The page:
By ACHS graduate Laura Bissessar
A good moisturizer can be difficult to come by, especially if you have problematic skin like myself. So when I first made this cream from legendary herbalist Rosemary Gladstar, I tried to manage my expectations after being underwhelmed with the results of so many natural lotions. Happily, I can report that “perfect cream” is not an exaggeration, and I had finally found a beautifully hydrating product that’s not greasy and not full of harmful chemicals.
Seriously, if you’ve been burning money on natural moisturizers that aren’t cutting it, give Ms. Gladstar’s recipe a try and you won’t be disappointed. I’ve made this perfect cream about four times now, and this time around, I felt like an old pro, so here are some tips that’ll encourage you to dive right in and get “perfect” results!
Purchase or borrow Rosemary Gladstar’s Herbal Recipes for Vibrant Health for your own copy of this wonderful recipe, plus a wealth of other herbal skin care recipes. Out of respect for the author’s copyright, I won’t be printing the recipe here, but you can do a quick Google search to familiarize yourself!
1. Emulsification is an art – The directions are simple: Step 1 – mix your waters; Step 2 – melt your oils/solids overheat and allow them to cool; Step 3 – pour your waters into your oils via a food processor and get cream! Step 3 is where the process can go wrong. There are lots of sayings about oil and water, but the reality is that we have tons of products, like cosmetics and detergents, that use emulsification to get these two opposing forces to blend seamlessly.
How does that work? With the magic of beeswax! Beeswax works as a natural surfactant, thereby placing your oils and waters in its permanent creamy, semi-solid suspension. And I’ve found that blending/emulsifying works best when done slowly! Very slowly. Maybe even painfully slow, but the final product is oh so worth it. When pouring your waters into a fast-moving food processor, my tip is to pour at a slightly faster rate than a steady drip. Don’t give in to the temptation to dump out the last bit when you get to the end of your pour, or you’ll end up with unblended globs in your cream.
2. Speaking of beeswax, spend the extra money to get beeswax pastilles/pellets – That is, unless you’re okay with dedicating a cheap grater to a block of beeswax. Why? Because it will never wash off, at least not with any method that I’ve tried. I had to give up my handheld grater by force, but that’s not the only reason to get pastilles.
Grating beeswax… let’s just say it’s a great way to get your shoulder workout in for the day. And you absolutely MUST have small bits of beeswax to melt it into your other oils efficiently. Save your strength and your kitchen tools – get the pastilles.
3. The mark of an excellent recipe, even for skincare, is that it can be easily modified – About two-thirds of the way into measuring ¾ cup of sweet almond oil, I ran out. Whoops! I searched through my stash of supplies and found my kukui nut oil (Aleurites moluccans), which contains fatty acids and has a similar consistency to sweet almond oil.
Also, as a personal preference, I chose to eliminate the lanolin and use a bit of hydrating, protective shea butter (Butyrospermum parkii) in its place. Both of these substitutions resulted in a beautiful cream that was mostly indiscernible from the original.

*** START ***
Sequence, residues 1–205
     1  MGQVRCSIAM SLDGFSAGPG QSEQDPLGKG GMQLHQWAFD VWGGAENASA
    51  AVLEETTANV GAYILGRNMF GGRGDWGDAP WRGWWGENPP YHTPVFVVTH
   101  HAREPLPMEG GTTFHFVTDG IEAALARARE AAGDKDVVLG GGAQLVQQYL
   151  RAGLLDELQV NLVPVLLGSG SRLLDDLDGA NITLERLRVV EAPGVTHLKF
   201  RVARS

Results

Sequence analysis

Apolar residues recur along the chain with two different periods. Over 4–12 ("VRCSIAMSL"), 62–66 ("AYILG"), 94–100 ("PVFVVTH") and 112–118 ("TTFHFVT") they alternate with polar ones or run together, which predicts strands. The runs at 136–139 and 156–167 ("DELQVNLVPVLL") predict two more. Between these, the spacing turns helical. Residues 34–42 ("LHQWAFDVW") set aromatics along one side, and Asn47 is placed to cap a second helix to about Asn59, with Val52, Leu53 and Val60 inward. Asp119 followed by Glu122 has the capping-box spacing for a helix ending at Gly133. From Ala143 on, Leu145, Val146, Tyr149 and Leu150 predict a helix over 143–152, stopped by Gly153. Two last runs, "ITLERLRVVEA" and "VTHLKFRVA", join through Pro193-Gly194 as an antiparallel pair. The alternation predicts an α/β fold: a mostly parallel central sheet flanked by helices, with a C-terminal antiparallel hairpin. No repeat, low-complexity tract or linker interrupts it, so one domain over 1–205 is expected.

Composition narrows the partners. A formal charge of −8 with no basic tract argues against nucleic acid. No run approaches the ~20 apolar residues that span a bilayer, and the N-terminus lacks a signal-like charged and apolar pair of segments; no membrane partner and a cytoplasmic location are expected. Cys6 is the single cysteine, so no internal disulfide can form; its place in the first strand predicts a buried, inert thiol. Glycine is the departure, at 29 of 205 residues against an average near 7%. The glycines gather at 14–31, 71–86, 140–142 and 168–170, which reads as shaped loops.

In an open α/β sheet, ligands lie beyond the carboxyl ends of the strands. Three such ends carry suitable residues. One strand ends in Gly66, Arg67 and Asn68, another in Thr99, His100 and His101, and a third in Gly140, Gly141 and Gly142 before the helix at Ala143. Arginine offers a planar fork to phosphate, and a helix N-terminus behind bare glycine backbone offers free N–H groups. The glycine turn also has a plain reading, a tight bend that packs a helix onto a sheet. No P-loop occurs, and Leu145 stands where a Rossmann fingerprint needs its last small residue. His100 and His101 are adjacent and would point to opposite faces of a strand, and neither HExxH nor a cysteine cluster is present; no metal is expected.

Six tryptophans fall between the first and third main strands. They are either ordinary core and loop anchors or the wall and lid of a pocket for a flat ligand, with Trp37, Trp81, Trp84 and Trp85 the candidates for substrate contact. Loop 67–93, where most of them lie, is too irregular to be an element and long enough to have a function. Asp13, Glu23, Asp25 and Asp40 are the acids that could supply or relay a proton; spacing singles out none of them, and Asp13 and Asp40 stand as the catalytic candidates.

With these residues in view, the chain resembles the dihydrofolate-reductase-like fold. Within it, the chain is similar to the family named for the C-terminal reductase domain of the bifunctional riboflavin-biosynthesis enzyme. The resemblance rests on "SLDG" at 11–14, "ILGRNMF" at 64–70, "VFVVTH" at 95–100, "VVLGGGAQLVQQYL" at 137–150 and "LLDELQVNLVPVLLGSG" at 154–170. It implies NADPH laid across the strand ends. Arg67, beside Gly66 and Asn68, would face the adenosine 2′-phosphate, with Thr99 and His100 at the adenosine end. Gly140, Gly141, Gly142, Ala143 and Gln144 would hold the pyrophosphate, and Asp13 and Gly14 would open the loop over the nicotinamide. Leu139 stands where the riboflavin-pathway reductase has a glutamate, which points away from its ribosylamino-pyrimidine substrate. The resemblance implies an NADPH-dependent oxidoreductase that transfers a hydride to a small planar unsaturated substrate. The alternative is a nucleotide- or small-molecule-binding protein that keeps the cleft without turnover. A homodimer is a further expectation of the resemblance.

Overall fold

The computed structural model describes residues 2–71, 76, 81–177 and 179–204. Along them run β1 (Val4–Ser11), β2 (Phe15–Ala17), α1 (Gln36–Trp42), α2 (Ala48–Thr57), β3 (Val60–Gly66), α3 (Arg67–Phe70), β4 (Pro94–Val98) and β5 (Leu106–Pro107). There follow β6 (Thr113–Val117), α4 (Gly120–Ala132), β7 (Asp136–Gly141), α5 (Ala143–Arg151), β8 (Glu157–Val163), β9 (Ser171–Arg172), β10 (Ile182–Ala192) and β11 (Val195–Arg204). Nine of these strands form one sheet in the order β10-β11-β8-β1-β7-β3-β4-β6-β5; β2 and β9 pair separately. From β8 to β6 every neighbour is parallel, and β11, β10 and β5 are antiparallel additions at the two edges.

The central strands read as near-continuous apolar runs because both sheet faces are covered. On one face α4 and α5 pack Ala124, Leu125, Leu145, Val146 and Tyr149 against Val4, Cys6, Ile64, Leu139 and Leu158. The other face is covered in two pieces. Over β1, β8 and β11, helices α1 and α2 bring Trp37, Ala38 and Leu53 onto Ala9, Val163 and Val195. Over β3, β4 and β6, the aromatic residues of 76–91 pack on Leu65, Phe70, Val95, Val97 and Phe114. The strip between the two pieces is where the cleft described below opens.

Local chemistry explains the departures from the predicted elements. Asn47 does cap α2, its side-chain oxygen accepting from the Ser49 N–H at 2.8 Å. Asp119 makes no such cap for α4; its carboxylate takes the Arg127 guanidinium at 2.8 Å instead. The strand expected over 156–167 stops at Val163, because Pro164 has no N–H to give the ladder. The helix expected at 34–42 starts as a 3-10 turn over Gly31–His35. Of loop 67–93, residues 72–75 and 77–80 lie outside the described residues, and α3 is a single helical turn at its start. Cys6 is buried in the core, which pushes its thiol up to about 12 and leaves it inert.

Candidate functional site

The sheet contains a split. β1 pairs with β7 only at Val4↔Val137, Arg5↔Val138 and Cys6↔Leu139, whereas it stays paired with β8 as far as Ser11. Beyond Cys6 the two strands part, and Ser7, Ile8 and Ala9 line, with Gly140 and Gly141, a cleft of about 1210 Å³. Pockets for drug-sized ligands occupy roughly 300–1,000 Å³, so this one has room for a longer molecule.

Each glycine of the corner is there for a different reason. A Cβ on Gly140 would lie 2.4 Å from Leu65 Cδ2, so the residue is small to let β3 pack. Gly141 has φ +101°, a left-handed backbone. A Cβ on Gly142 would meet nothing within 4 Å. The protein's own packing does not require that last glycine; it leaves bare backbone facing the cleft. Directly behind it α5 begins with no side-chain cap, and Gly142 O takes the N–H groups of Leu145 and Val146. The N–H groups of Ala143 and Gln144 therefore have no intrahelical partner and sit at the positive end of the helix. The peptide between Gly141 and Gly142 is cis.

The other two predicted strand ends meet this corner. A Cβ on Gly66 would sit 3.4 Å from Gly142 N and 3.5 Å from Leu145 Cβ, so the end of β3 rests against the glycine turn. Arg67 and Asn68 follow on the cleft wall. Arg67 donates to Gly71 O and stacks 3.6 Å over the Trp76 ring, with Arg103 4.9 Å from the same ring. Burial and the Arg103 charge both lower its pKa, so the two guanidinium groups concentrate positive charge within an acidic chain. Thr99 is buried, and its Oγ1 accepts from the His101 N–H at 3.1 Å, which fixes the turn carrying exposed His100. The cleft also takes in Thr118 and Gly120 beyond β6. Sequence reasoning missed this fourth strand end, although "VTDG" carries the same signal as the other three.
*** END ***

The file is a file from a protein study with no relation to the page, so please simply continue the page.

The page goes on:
4. Substitute, but only if you know what you’re doing! – And Ms. Gladstar certainly knows what she’s doing. My suggestion is, if you’re not allergic to any of the original ingredients, then stay true to the recipe the first time around. You will gain an appreciation for what it takes to construct a recipe for a skincare product.
Even if it doesn’t go right the first time around, you’ll still end up with something you can use. Just be prepared, go slow, and have fun!
About the Author
Laura Bissessar is a recent graduate of ACHS with her AAS in Complementary Alternative Medicine. The positive atmosphere at ACHS encouraged Laura to pursue her longtime interest in becoming a full-time health and wellness
writer, and the ACHS blog provides a fabulous opportunity for alumni to share their words! Check out some of Laura’s writing, which encompasses her many interests, at www.sawdustandlipstick.com.
 Brannon, H. (2020, September 9). Surfactants in Skin and Hair Products. Retrieved from: https://www.verywellhealth.com/surfactant-ingredients-skin-hair-products-1069381.
 Cosmetic Info. (n.d.). Cosmetic Waxes. Retrieved from: https://www.cosmeticsinfo.org/ingredient/cosmetic-waxes-0
 Gladstar, R. (2008). Rosemary Gladstar’s Herbal Recipes for Vibrant Health. Storey Publishing: North Adams, MA.
 Therapeutic Research Center. (2019, July 10). Tung Seed. Retrieved from: https://naturalmedicines.therapeuticresearch.com/databases/food,-herbs-supplements/professional.aspx?productid=353#scientificName.
Disclaimer: This article is for informational purposes only. It is not intended to treat, diagnose, cure, or prevent disease. This article has not been reviewed by the FDA. Always consult with your primary care physician or naturopathic doctor before making any significant changes to your health and wellness routine.
Disclosure of Material Connection: I am a graduate of the American College of Healthcare Sciences, the Institution that publishes this blog. However, all opinions are my own. This blog may contain affiliate links. I am disclosing this in accordance with the Federal Trade Commission’s 16 CFR, Part 255: “Guides Concerning the Use of Endorsements and Testimonials in Advertising.”
About American College of Healthcare Sciences
When a person enrolls as ACHS, it is vitally important that they graduate with tools they need to forge their own holistic and sustainable missions, build up their communities confidently and changing the face of healthcare with knowledge.